The beginning of Divine Right takes place over 40 years ago, and its continued popularity is a testament to the game’s solid design, deep mythos, and great characters. Glenn shared his design notes and the fascinating history of Divine Right with us, so prepare to enter the turbulent world of Minaria from the very start.
By Glenn Rahman
Divine Right was originally published in 1979, revised in 1980, and went out of print in 1982. The game had been very popular, but its designers, my brother Kenneth and myself, expected that DR would simply pass out of sight and out of mind like so many other games before it. To our surprise and gratification, it kept appearing at conventions as a tournament game long after it had become unavailable. Every now and then, we were contacted by persons asking if it was ever going to be reissued. More recently, the word “classic” began being applied to Divine Right, and the designers dared to hope that we had perhaps managed to create something enduring. In 2002, The Right Stuf International, Inc. published a 25th-anniversary edition of Divine Right, putting the game back in print for the first time in twenty years.
In the early Seventies, Kenneth and I were already avid game-experimenters, mostly with the Parker Brother’s Risk system, when we encountered a copy of Avalon Hill’s Tactics II. Unfortunately, while there were things to learn from that game, it rated very low in the excitement category. But the appearance of Tactics II was our alert that some interesting things were happening in the gaming scene. In the fall of 1974, this writer encountered a large Avalon Hill selection in a Minneapolis department store and bought Third Reich on the spot. The next year, I subscribed to SPI’s Strategy and Tactics. Those were salad days, when even games as wretchedly conceived as Oil War and Revolt in the East got thorough and repeated playing.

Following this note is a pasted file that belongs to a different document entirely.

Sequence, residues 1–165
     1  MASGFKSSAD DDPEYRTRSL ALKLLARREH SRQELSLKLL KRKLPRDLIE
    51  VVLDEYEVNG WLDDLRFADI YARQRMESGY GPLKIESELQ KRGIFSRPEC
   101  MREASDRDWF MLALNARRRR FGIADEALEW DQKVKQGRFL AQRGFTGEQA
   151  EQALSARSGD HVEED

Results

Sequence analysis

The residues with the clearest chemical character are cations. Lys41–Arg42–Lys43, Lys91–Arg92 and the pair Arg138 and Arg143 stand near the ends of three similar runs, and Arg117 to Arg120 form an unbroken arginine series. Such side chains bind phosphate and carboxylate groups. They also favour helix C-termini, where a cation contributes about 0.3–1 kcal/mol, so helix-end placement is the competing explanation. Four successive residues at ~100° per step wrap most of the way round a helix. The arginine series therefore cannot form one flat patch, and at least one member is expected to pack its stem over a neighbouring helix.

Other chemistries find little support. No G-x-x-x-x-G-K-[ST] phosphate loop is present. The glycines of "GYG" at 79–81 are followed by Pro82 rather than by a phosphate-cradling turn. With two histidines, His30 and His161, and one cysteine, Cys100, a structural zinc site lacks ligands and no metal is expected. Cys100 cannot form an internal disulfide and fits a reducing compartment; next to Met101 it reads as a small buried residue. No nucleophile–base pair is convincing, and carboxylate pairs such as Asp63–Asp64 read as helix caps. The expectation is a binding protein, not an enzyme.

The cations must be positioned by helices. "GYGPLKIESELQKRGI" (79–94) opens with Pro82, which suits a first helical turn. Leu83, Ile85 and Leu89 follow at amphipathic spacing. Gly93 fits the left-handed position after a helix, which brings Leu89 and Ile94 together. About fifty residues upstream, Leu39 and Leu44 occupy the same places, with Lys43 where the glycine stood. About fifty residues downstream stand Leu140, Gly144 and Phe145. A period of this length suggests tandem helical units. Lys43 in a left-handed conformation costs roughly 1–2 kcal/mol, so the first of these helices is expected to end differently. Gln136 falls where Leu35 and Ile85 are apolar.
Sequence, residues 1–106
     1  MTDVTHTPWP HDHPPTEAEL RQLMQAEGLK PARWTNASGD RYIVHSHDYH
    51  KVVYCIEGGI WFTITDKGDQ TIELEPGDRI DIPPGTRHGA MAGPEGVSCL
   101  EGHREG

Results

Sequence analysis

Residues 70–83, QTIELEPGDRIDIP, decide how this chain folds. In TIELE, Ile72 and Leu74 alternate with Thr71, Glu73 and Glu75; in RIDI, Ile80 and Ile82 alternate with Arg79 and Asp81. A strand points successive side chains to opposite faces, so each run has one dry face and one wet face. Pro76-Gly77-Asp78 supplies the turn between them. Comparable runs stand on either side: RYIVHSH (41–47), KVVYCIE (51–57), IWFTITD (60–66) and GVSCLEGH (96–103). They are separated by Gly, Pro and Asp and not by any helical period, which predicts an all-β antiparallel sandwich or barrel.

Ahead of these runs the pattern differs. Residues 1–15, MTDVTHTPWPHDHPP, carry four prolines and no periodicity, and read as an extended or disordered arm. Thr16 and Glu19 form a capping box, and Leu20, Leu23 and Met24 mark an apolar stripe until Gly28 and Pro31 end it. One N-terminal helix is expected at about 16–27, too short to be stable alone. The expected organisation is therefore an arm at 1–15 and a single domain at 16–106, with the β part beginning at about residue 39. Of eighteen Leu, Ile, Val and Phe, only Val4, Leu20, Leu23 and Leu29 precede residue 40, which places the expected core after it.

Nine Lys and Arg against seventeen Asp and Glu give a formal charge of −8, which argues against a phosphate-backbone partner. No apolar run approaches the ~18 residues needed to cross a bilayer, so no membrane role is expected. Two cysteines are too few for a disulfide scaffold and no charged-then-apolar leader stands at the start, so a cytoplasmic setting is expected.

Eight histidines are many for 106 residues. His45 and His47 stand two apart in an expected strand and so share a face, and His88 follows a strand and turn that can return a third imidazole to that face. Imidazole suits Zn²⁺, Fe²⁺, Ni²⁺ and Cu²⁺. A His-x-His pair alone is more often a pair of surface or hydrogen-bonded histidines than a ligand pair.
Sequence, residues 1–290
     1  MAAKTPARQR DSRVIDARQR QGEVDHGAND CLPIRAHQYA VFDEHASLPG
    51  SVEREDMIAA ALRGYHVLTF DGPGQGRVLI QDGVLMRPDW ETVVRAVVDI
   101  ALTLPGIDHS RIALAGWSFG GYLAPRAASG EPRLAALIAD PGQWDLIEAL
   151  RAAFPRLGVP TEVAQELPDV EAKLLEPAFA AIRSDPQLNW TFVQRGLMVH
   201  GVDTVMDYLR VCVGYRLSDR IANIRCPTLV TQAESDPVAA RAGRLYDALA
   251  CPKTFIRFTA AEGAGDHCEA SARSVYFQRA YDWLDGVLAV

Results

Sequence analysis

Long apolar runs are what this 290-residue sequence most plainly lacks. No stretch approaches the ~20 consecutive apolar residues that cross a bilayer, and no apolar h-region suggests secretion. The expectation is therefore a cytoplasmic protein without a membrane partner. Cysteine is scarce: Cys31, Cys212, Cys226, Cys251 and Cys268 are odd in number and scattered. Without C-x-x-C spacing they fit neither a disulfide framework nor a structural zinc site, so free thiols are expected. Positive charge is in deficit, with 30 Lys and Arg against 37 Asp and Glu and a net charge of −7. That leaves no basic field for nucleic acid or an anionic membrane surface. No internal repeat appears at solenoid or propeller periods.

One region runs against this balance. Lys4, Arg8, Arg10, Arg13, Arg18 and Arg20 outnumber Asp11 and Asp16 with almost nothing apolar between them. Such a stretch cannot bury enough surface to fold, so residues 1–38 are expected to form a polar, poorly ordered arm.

Soon the designers were gaming regularly with friends. By 1977, we realized that we had learned enough to leave Risk behind and start designing in the state of the art. The first serious effort carried all the way to conclusion was a fantasy game that we called Your Excellency. Divine Right players would promptly recognize Your Excellency as the prototype of DR. Some of the names, the CRT-less combat system, the diplomacy system, and the kingdom cards were all present.
I had been a frequent short-story writer for the semi-pros and understood the strength that good characterization gives to a story. One night, while Ken and I were play-testing Your Excellency on the kitchen table, it suddenly occurred to me to ask, Why couldn’t a board game have characterization, too? The idea for monarch-personality cards fell easily into place, and it worked even better than expected. From that moment on, we knew we had a good thing going.
But the differences between the prototype and the eventually-published game by TSR, Inc. were huge. The original map was rather austere in the manner of an SPI release. Ken and I had included Elven and Trollish kingdoms, but we had provided no magic. None. Further, we had only six special mercenaries: Juulute, Schardenzar, the Black Knight, Urmoff, Ogsbogg, and Hamahara. The barbarian element was represented by nothing more than a small kingdom.
The prototype was dispatched to Metagaming of Austin, Texas. During its long evaluation period, Kenneth and I continued to sample the new bounty of the gaming world. Kenneth experimented with a different map, but we never actually got around to using it in any play tests. In the interim, we discovered the Chaosium game of White Bear, Red Moon. This game was something new in our experience: a game of heroic fantasy. A few routine spaceship-battle games existed already— Excalibre had a pioneering effort to create a fantasy game, one they called Atlantis. Meanwhile, SPI had the execrable Sorcerer, and there was a fantasy-tactical game called Dungeon from TSR. For some reason, we had not bothered to examine the rest of the field, such as Fact & Fantasy’s Helm’s Deep or TSR’s Battle of the Five Armies. So within our frame of reference, we addressed the innovations of WBRM with great interest.